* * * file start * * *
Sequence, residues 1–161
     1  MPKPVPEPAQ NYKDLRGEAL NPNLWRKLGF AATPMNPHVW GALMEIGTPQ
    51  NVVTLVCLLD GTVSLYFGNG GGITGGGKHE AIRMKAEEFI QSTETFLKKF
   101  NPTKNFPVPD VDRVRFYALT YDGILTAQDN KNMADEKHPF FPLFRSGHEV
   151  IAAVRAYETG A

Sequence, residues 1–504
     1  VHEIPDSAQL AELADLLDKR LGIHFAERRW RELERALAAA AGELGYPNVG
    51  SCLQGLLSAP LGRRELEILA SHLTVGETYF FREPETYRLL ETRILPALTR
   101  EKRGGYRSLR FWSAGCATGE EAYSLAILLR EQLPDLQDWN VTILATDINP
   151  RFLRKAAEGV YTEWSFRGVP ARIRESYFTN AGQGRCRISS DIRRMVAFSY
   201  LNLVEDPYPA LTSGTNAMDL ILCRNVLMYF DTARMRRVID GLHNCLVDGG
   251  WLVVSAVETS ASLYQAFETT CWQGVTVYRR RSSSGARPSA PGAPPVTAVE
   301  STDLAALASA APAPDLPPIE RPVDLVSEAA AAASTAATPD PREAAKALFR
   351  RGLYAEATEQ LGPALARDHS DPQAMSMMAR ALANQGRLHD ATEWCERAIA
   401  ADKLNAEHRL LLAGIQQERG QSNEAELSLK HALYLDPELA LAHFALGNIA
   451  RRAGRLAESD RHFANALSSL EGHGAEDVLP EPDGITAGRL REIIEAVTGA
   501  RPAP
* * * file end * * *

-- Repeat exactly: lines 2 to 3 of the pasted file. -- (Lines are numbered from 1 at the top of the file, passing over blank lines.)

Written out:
     1  MPKPVPEPAQ NYKDLRGEAL NPNLWRKLGF AATPMNPHVW GALMEIGTPQ
    51  NVVTLVCLLD GTVSLYFGNG GGITGGGKHE AIRMKAEEFI QSTETFLKKF